|System: X360, PS3, PC||Review Rating Legend|
|Dev: GRIN||1.0 - 1.9 = Avoid||4.0 - 4.4 = Great|
|Pub: CAPCOM||2.0 - 2.4 = Poor||4.5 - 4.9 = Must Buy|
|Release: May 18, 2009||2.5 - 2.9 = Average||5.0 = The Best|
|Players: 1-8||3.0 - 3.4 = Fair|
|ESRB Rating: Mature||3.5 - 3.9 = Good|
by Jonathan Marx
Bionic Commando, a classic from the 8-bit era, was a rather unknown quantity to all but a handful of older gamers up to just a couple years ago. However, GRIN's Bionic Commando: Rearmed, arguably the best downloadable arcade title to hit the PC and next-gen consoles, changed all that. The exquisite, undeniably difficult platform gameplay was re-imagined to perfection by the Swedish developer. Not surprisingly, GRIN did a very nice job translating the addictive action of the franchise to their latest 3D adventure for PC, Xbox 360, and PS3: Bionic Commando. Still, a few key missteps hold the title back significantly, making this fun title one not everyone will enjoy.
Despite the game's retro-moniker, this is not a remade version of the NES title; this next-gen Bionic Commando is actually a sequel to it (and, subsequently, that of Bionic Commando: Rearmed). Of course, the franchise's flame-haired protagonist, Nathan "RAD" Spencer, is back and ready to dish out the pain. The story in Bionic Commando centers on a new threat, called BioReign, made up of remaining elements from the defeated fascist Imperials and rogue TASC operatives. You see, many TASC agents decided to go rogue after public sentiment concerning the use of bionics turned south in the wake of Spencer's folly. Nathan Spencer, the first Bionic Commando and hero that saved the world from Albatross, was convicted of treason following his denial of a direct order to eliminate two bionic prototypes. The political fallout that ensued is known as the Bionic Purge, as all bionics were mandated by law to turn in their bionic appendages or have them forcibly removed. Whilst on death row, waiting for execution, Spencer's life is saved by one-time friend and commander, Joseph "Super Joe" Gibson - the man that betrayed Nathan in the first place. Naturally, in a Rambo 2-like scenario, Spencer is pulled from his incarceration in order to go on a covert mission to save the world from the new threat in the wake of a massively destructive attack launched on Ascension City.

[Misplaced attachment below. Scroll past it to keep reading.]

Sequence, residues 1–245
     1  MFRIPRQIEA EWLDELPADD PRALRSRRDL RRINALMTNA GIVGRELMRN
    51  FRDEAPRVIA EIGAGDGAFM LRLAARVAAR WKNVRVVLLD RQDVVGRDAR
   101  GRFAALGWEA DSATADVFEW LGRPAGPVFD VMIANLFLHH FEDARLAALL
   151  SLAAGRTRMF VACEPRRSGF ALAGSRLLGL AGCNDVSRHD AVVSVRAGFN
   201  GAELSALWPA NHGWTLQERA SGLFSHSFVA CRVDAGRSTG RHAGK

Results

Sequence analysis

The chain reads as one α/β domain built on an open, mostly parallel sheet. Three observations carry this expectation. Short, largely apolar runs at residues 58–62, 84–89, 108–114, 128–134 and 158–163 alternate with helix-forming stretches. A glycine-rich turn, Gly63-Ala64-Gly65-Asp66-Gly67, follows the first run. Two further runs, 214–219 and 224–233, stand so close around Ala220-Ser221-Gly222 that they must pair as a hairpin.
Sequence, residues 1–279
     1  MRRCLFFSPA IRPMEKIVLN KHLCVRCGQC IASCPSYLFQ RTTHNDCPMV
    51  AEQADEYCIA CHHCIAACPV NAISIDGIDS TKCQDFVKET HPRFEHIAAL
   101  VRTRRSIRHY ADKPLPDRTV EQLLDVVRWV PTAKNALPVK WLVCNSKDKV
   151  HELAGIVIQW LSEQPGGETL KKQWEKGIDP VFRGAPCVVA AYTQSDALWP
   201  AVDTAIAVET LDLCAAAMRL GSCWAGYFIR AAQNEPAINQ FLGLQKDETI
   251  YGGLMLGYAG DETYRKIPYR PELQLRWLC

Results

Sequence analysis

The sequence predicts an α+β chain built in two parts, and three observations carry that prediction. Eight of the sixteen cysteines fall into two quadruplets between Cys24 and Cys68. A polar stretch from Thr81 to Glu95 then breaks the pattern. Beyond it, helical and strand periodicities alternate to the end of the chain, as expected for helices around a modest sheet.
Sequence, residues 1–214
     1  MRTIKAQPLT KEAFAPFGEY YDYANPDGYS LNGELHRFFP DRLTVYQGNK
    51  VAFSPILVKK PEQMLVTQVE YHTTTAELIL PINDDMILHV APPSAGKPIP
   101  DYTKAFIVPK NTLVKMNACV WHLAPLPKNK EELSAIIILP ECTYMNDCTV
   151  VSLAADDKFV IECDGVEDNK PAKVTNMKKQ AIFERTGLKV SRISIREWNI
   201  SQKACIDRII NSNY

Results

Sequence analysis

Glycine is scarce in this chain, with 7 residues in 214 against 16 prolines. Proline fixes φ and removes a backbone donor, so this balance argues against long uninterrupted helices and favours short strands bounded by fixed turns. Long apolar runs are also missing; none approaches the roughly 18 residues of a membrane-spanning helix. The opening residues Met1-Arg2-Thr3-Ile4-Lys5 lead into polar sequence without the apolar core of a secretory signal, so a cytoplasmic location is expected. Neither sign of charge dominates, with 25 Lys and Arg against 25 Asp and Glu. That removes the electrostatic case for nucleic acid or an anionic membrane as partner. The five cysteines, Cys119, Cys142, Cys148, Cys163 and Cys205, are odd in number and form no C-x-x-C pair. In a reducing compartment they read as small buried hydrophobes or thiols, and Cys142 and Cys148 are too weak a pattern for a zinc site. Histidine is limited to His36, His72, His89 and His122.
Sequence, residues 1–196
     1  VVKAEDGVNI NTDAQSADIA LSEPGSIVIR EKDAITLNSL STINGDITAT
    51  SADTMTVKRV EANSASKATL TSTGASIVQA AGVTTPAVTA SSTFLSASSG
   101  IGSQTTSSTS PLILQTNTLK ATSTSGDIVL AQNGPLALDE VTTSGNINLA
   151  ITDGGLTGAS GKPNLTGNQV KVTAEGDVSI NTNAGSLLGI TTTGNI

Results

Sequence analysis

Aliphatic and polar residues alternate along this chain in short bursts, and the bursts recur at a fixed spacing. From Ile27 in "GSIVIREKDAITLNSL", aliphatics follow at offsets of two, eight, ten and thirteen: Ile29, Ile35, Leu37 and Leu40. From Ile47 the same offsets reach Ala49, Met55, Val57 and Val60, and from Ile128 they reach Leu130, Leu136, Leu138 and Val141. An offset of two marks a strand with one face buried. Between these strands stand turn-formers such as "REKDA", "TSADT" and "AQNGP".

If this story sounds convoluted and ridiculous, that's because it is. In fact, the storyline in Bionic Commando is one of those missteps I alluded to earlier. The narrative never succeeds at driving players forward. While the franchise it's based on has always been known for its over-the-top plot, the humorous magic captured in the 2D versions falls completely flat in this 3D version. Despite the story's poor transition, I did enjoy the insertion of homage elements such as hacked relays, intercepted conversations and communiqués, radioactive areas, and not-so-subtle enemy weakpoints.
Thankfully, the gameplay in Bionic Commando is a ton of fun. What's more, it can be very difficult at times. GRIN did a great job of implementing the swinging, platform action in an interesting 3D world. At first, I was very worried about how difficult the controls seemed. However, after just about five minutes I was swinging around competently, and after an hour I was money - pulling off sick maneuvers that would make RAD himself proud. Truly, the grappling, vertical platforming is the game's greatest strength. Anyone who puts the requisite time into learning the control scheme will have a lot of fun with the mechanic. I found myself getting very creative in the way I was tackling objectives. Even though the progression in Bionic Commando is largely linear, the world is actually quite open, offering players myriad ways to skin the proverbial cat, due solely to the unique bionic arm element of the game.
Spencer's bionic arm is not solely an implement for grasping and swinging around the environment, it is also an effective weapon. In truth, players will likely use the arm for the vast majority of their kills, reserving standard firearms for specific situations. Performing simple moves such as zip kicks, rip kills, and kiting, as well throwing and smashing people and objects with the appendage never really get old. Moreover, once your Adrenaline Gauge is unlocked and advanced powers, such as the room-clearing whip spin and the mecha-demolishing finishing move, become available, it's hard to settle for hum-drum gun kills. Nevertheless, an assortment of weaponry will be made available to players throughout the game in limited quantities. The third-person shooting mechanic is simply implemented and easily mastered. In no time, players accustomed to shooters will be able to plink their way through sticky situations.
An excellent feature brought into the game is that of 8-bit collectibles, challenges, and rewards. Strewn throughout every section of every level are a set number of floating, pixelated orbs. Players will be tested by these goodies to not only beat the level's main objective but to master the art of using the wire to collect all of them. This not only encourages players to investigate and explore the world, it also feels like an honor to both the game's graphical roots and to the era in which the franchise was born.